Day At The Track

Former Kiwi ready for Breeders Crown

05:36 PM 23 Oct 2009 NZDT
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Shanghai Lil Shanghai Lil takes stock of Mohawk Shanghai Lil and Kim Watson
Shanghai Lil
Shanghai Lil takes stock of Mohawk
Shanghai Lil and Kim Watson

Caretaker Kim Watson is a long, long way from home, and having the time of her life. The 30-year-old Auckland, New Zealand native answered an ad in the Standardbred journal Harness Racing Weekly ten months ago, and today finds herself taking care of her first Breeders Crown contender, the 3-year-old pacing filly Shanghai Lil, for trainer Peter Foley.

"This is quite an experience," Kim said with enthusiasm. "I've been working with harness horses since I was 15 and have never experienced anything like this. The stake races over here are a way bigger deal in terms of the money the horses race for, and especially the hype and excitement associated with having a horse in the Breeders Crown."

Shanghai Lil comes into her Breeders Crown after finishing fifth on Oct. 9 in the $151,500 Garnsey at The Red Mile, clocked in 1:53.3 for driver Mike Lachance. In her previous start, however, she scored her career best mile, pacing to a winning 1:51.2 in the $101,500 Bluegrass Stake on Oct. 2 at The Red Mile.

"She's a very solid, honest filly; very professional on the racetrack and she always gives you a maximum effort in every start," Foley assessed. "She's not mean or cranky, but always feels good and seems to enjoy her work."

Foley's home base is the Henry Lunsford training center, located near Lexington, KY. The 60-year-old, Portland, Australia native has been training Standardbreds for four decades and to date has conditioned 278 winners to $4.5 million in earnings. He had his best year in 2008, when he harnessed 36 winners to $1, 128,435.

"She's fit and well right now," said Foley of the daughter of three-time Breeders Crown Champion Jenna's Beach Boy. "She's feeling very fresh and shipped up here well. We trained her on Monday and again today (Thursday) in 2:10 with a half in 1:10. It was nasty last week in Kentucky-raining and cold-and we weren't able to get in any good training miles down there."

Shanghai Lil won the $57,570 Simpson Pace in a romp by nearlyten & a halflengths over a rain-soaked Red Mile racetrack, pacing in 1:53.3, and also won a $33,403 Tompkin Geers at Tioga Downs in 1:54 and a $25,000 Reynolds at The Poconos in 1:51.4. She finished second in a pair of Kentucky Sire Stake Legs, finishing third in the $300,000 final, timed in 1:51.3.

"The track surface at Woodbine shouldn't be an issue for her, but I'm thinking there are a lot of speed horses in this race, and she's not a real ‘speed' horse," Foley offered. "She can leave the gate well, if the driver chooses to do so, but she's better off a trip, and can kick home pretty smartly."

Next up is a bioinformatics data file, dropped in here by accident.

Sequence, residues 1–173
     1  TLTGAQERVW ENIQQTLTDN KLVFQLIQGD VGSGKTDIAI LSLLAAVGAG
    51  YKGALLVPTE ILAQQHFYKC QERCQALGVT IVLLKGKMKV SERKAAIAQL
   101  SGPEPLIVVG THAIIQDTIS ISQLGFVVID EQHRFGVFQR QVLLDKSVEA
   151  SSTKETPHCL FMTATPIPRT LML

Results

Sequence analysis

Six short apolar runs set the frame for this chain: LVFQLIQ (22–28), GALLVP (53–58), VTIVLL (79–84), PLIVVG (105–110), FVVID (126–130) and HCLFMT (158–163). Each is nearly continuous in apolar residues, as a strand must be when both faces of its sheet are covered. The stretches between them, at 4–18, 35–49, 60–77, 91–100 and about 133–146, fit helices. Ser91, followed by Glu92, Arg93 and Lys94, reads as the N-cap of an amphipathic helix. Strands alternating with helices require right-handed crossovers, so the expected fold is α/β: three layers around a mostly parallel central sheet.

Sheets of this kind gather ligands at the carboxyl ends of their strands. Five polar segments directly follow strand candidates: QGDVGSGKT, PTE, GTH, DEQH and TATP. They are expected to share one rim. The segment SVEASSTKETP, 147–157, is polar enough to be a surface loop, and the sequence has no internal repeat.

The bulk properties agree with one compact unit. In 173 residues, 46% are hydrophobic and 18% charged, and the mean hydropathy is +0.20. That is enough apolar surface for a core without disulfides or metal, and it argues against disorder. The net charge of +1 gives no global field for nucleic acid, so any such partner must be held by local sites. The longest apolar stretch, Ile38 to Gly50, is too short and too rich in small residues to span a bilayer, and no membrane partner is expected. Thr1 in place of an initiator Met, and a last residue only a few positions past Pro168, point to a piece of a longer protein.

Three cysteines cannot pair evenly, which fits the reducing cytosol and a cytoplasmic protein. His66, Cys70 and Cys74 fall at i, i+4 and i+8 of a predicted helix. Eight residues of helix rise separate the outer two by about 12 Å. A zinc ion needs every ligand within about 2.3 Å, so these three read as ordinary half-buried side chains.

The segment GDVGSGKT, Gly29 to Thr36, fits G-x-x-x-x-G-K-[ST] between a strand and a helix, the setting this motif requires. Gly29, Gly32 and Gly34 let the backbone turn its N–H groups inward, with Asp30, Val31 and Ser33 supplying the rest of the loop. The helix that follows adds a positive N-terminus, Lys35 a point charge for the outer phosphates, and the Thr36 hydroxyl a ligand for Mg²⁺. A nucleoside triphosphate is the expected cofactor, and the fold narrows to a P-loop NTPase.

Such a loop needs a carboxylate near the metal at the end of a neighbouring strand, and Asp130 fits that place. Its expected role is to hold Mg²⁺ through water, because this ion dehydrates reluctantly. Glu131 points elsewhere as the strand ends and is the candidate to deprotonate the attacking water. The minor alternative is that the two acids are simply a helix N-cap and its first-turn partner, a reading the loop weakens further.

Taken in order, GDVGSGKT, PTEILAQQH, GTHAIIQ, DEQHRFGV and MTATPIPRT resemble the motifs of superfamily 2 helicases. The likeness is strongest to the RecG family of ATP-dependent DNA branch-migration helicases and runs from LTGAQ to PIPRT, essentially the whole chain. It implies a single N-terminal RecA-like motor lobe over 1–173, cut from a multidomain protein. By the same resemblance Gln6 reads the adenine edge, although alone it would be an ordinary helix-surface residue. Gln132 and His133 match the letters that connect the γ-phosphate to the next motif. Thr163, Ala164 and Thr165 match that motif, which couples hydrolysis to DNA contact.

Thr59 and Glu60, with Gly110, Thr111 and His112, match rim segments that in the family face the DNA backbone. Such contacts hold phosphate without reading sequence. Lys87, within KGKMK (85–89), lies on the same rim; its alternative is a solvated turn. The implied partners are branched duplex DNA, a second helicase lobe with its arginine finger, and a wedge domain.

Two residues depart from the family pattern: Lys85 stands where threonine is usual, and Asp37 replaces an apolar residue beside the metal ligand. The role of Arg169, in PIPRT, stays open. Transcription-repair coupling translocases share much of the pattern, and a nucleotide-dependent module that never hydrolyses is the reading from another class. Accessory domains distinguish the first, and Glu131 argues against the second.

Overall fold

Foley said breeder Carter Duer named the filly after a character in the 1933 movie Footlight Parade, where actor James Cagney plays a sailor looking for his Asian girlfriend of questionable background. Cagney searches through Shanghai bars and opium dens before eventually finding "Lil" and the couple expresses their joy at finding each other through tap dance.

This season Shanghai Lil has amassed $223,151, pushing her lifetime totals to $452,363 for the father and son partnership of John Como and John Como Jr. who race under the moniker of All Star Racing of Towaco, N.J. This family has owned horses since the late 1980s, and had their first Breeders Crown contender in Blue Claw in the 2008, 3-Year-Old Colt Pace.

Foley hooked up with All Star Racing through his longtime friend, Ron Pierce.

"We've been friends ever since I've been in the business," Foley stated. "And when they were looking for a trainer for someone to race the Kentucky Sire Stakes, Ron (Pierce) gave them my name. They buy yearlings and have mainly raceway horses. The All Star Racing people were in the container business and at one time they had big contracts with Bayer Aspirin and Clairol, but they sold their business a few years ago and now just concentrate on the horses."

Foley trains the 2- and 3-year-olds for All Star Racing, and then turns them over to conditioner Mark Ford to race them as older horses.

"This system has worked out well for all of us," Foley said.

It seems to have worked out perfectly for Kim and Shanghai Lil, too.

"She loves going for walks every day and usually gets down for a good roll in the grass," Kim said. "At times she can be a bit of a typical female, but overall, she's pretty sweet."

By Kim Rinker for the Breeders Crown

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